“I had a calling to become a pastor at a young age and to become a Christian,” said Thomas, who was baptized by Pastor Matthew Tiger, of Oklahoma, on Jan. 17, 2016, at First Indian Baptist Church.
Thomas appreciates that his family has guided him along the path he’s taken in many areas of his life.
“One thing I will always remember was my mom telling me, ‘You have a ton of opportunities that other kids only dream of. If you put in the work then you will be rewarded.’ Then my dad said, ‘We will give you all the chances and the tools to be a big success whether it was in the classroom or on the field, but you have to be the one to put in the work and to push yourself every day to your best ability because we can’t do it for you; it all has to come from you and what you are willing to put in to be the best athlete and student,'” he said.
Thomas said his brother Trevor has also been an inspirational figure along the way.
“My brother was a big motivation to me in my baseball career because I wanted to be just as good as a baseball player as he was as well as a hardworking and determined young man,” he said.
Thomas’s hard work is evident in the classroom, too. He earned two scholarships as a senior: the Florida Bright Futures Gold Seal Vocational Scholarship and the Devon Venables Memorial Scholarship.
In addition to baseball, Thomas also ran for the cross country teams at Okeechobee and Moore Haven. He was among the top runners on the OHS team as a senior. He’s unsure if he’ll try to run cross country in college.
Clarks Summit baseball, a member of the Colonial States Athletic Conference, plays most of its games in Pennsylvania, but for the past few years has added spring break games in South Carolina. Most of the players are from Pennsylvania and bordering states. The team is coached by Devin Raven, who is in his second year at the helm.
“I hope to teach the players lessons that this great game has to offer,” Raven said on his bio page on the team’s website. “Baseball can be much more than a sport; it teaches lessons that can be used throughout a player’s life. I want each individual player to learn and grow in their abilities and skills. Most importantly, I want each player to grow in their walk with God, and I want them to be able to use their time as baseball players to develop for their next step in life, whatever that may be.”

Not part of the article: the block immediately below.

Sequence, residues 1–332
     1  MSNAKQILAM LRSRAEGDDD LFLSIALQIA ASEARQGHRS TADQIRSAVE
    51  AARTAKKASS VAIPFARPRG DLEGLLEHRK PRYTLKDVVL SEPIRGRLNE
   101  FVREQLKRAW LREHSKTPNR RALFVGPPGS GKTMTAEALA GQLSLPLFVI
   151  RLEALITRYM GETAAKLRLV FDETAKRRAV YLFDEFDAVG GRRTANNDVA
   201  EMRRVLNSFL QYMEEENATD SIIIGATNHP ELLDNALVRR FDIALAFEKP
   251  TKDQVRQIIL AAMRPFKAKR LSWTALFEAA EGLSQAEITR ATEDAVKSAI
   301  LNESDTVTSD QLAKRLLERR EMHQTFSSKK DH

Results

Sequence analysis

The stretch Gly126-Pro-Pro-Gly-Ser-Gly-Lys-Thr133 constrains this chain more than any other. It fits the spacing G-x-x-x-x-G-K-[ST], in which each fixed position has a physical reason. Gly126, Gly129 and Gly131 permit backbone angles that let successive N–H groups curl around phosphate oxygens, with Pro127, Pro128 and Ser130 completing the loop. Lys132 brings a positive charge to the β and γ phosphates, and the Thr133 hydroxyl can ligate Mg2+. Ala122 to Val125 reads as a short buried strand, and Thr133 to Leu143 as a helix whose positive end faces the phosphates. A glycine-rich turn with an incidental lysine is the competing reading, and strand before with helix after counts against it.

Thomas started playing baseball in T-ball. His first team was called the Holiday Inn Express in Lake Placid, Florida. He later played for Pemayetv Emahakv Charter School on the reservation before high school. He has plenty of coaches and others to thank for his journey.
“I would like to thank all of my family who has supported me over the years and all my teammates I have played with over the years including Moore Haven Middle/High School and Okeechobee High School, as well as Pemayetv Emahakv Charter School and my coaches Harry Tewksbury, Cameron Tewksbury, Aaron Suarez, Logan Kindall, Dylan Tedders, my dad Gene Thomas, Max Manin, Pedro Navarro, Brian Prowant, Julio Rodriguez, Eric Kindall and Brian Morgan. They have been a huge contribution to my success on the baseball field as well as my brother Trevor,” Thomas said. “I am blessed to have been adopted from the Thomas family. I am proud to be a member of the Johns family and Thomas family. I give all my credits to my mom and dad for bringing me to every baseball game and every tournament over the past 10 years and I will always love them and call the Brighton Reservation forever home.”